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Column 960to build the system. If they wish to raise £300 million to £400 million the gross figure involved in property speculation in Bristol would be astronomical. That could have a profound effect on the city and its future development, raising difficult questions such as the development of green field sites and the green belt on the edge of the city. If that happened local and district plans would be breached. It is unreasonable to propose a project that raises all those questions without giving a clear understanding about how it will work.
We have asked whether the company can confirm that £14 million of public money will be sought in the construction of the No. 1 plan. Can the company say whether the money is being sought in Government grants that will not involve a contribution from the local highways authority? Can it also confirm that no local authority funding will be required for the costing and operation of the railway in future? If the company is not seeking public subsidy to meet the operating costs of the railway, it must know that its proposal is an international rarity. The subsidy that is usually required for the operation of light railways tends to be high. How can this company justify its proposals in relation to the studies that it has undertaken in Avon, including full ridership and revenue studies on a best and worst scenario?
We have asked many detailed questions, not because we want the company to tell us where the money is coming from, as we can understand the concept of commercial confidentiality, but this company seems to be unable to understand the ways in which it could tell us firmly that is has the money to complete the entire network. The advice given to me by experts shows that the first part of the system means nothing on its own, and it must be taken as part of an integrated transport network in the city.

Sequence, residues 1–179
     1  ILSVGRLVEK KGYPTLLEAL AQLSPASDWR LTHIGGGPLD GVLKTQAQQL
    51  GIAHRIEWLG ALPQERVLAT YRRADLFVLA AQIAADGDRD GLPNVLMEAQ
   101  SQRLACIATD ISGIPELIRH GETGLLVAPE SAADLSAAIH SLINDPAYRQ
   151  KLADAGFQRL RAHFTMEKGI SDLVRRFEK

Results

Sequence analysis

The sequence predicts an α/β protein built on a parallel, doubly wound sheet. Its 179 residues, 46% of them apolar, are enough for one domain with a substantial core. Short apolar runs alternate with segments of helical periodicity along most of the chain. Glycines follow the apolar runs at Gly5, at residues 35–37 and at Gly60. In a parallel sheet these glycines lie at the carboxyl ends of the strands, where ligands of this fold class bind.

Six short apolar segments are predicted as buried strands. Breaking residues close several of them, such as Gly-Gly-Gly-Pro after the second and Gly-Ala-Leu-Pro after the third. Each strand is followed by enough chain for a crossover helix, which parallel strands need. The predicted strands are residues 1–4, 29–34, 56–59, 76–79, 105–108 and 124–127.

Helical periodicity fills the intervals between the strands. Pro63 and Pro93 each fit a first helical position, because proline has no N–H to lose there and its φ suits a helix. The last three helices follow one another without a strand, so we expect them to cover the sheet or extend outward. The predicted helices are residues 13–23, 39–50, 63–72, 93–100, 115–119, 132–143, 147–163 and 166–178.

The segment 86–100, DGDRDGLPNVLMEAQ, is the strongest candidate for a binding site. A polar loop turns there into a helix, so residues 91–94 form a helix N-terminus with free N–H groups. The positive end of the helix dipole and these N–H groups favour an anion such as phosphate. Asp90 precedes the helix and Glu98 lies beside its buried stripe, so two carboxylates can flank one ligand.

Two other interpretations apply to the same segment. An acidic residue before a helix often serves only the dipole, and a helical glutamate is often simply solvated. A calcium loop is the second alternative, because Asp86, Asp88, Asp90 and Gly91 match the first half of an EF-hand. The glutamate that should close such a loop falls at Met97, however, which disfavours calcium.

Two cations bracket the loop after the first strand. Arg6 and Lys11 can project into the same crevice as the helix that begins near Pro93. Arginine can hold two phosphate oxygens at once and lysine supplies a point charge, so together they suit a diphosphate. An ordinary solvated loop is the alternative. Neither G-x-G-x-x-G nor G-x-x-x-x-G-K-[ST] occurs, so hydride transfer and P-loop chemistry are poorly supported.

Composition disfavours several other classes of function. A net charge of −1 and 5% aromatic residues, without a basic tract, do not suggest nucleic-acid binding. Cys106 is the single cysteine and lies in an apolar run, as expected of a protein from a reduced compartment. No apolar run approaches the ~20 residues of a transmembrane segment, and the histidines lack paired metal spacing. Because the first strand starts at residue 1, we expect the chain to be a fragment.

I commented earlier on certain development problems, including the contravention of the green belt and other planning policies. We have asked the company frequently to explain clearly how the proposed land enhancement will work, how the land value will be liberated to pay for the project and its possible effects on the future of Bristol's environment. Bristol is a beautiful city and intends to stay that way. While I represent one of its constituencies, I shall certainly fight the proposal to allow unfettered property development across the city, whether or not it provides a free addition to our transport network. The price is too high for us to pay.
There has been rumour upon rumour about how the company would be financed. At the beginning we were told that it would be done by a rail consortium. Then we found that the consortium was just one railway enthusiast, who claimed to speak on behalf of many people, but did not. That scheme fell by the wayside. Next, we were told that the finance would be raised through loans, then grants, and then a combination of loans and grants. Then we returned to the idea of land enhancement. Now we are considering a proposal by this new company. It is unsatisfactory to proceed in this way in an area as crucial as public transport.
We sent the proposals to Mr. Barry J. Simpson, who is our main expert adviser, and who has given me support and advice. He is a planning and transport consultant and has done national and international comparisons of this kind of scheme. We asked him for his opinions on the proposals, which give us the most up-to-date information.